Ron Tisdale wrote:
There is kata, and then there is kata, and, then, there is kata.
Most aikido is loosely based on kata.
Yoshinkan (and other forms of aikido) sees kata much the way Jean spoke of it.
Some forms of Daito ryu may take an even more serious look at kata...emphasising exactly the things both Larry and Jean spoke of.
So I guess there is kata training where one's partner utilises unknown, unplanned, targeted continuous attacks, constantly fakes, jabs and deliberately tries to destroy his partner's ma ai by sudden changes, utilises muscular or positional resistance and other pressure methods to place his partner in a place where his mind/body movement, toitsu ryoku and kokyu ryoku (not his waza) are truly tested or otherwise enticed to fail, thereby helping him to improve. Would be interesting to see this sort of kata practice imo.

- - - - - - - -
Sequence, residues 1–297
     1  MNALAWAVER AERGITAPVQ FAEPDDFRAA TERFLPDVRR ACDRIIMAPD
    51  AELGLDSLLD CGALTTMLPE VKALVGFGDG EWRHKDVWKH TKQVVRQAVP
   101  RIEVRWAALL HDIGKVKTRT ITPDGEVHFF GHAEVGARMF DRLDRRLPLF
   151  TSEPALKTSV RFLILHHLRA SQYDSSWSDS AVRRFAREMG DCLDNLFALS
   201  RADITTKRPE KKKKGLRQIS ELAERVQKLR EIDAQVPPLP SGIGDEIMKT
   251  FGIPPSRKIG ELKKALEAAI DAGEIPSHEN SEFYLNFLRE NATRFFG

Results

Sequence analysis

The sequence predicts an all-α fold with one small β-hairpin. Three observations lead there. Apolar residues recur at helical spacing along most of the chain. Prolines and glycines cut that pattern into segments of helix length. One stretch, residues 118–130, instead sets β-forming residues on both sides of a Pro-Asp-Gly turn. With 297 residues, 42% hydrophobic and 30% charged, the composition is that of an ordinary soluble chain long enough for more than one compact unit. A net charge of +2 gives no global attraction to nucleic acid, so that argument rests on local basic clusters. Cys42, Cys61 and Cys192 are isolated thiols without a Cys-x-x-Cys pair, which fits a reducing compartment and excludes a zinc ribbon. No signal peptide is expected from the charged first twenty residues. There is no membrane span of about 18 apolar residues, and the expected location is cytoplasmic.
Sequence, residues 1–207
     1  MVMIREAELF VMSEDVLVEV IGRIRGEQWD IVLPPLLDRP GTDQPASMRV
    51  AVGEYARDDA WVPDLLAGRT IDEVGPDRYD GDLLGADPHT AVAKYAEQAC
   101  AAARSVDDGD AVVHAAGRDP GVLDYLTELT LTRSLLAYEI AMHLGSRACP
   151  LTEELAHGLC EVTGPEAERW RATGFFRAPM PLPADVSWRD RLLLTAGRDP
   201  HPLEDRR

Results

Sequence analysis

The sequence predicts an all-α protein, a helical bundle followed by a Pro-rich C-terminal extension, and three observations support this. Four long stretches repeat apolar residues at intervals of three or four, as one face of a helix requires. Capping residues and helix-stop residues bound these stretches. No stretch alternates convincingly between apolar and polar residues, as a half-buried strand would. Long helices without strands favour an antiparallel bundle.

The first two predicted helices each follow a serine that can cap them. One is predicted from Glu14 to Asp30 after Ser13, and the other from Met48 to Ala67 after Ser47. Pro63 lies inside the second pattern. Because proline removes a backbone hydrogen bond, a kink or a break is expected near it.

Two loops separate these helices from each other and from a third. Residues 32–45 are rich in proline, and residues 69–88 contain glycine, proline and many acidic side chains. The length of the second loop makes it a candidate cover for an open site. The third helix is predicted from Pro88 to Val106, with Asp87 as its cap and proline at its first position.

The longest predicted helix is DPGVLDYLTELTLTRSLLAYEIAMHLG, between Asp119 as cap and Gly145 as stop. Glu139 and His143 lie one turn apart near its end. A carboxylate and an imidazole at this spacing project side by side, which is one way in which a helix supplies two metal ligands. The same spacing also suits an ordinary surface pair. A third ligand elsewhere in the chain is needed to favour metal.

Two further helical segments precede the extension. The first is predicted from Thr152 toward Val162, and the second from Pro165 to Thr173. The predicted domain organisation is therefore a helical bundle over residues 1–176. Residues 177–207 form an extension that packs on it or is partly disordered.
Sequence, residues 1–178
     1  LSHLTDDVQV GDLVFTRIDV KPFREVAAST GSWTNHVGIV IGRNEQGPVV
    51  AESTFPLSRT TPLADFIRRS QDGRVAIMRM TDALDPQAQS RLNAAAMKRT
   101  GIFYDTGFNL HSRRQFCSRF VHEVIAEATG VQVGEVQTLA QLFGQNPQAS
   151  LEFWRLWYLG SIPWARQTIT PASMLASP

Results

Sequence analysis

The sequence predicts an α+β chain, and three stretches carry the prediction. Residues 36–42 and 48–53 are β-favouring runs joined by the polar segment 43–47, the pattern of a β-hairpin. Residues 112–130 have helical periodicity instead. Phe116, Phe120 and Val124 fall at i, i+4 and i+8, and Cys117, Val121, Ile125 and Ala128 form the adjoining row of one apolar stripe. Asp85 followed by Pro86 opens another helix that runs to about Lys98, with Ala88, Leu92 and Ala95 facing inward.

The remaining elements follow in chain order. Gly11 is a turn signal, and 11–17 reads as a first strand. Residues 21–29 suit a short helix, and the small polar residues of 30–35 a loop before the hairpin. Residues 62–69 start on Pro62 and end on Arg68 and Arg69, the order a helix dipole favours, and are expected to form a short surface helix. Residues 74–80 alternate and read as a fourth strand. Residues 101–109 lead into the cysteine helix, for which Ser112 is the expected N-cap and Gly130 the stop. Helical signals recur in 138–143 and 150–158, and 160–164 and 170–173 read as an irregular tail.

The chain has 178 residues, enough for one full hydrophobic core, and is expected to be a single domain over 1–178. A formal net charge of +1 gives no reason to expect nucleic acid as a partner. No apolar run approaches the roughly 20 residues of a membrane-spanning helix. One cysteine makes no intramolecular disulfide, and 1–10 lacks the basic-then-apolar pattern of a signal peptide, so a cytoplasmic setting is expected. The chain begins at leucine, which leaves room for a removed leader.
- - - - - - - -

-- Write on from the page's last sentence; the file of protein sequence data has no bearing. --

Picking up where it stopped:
We tend to refer to kata practice as the cooperative, choreographed practice of technical form, whereas the above stuff I mentioned falls into either drills that are not specifically technique-oriented, but designed to train certain fundamentals that can be applied to technique; or randori practice. I always thought the Hiriki no Yosei practice of Yoshinkan (we have a similar counterpart) was a drill to train movement fundamentals and focus of power, breathing and relaxation, not kata (actual techniques and forms) practice per se.
I guess one learns something new every day.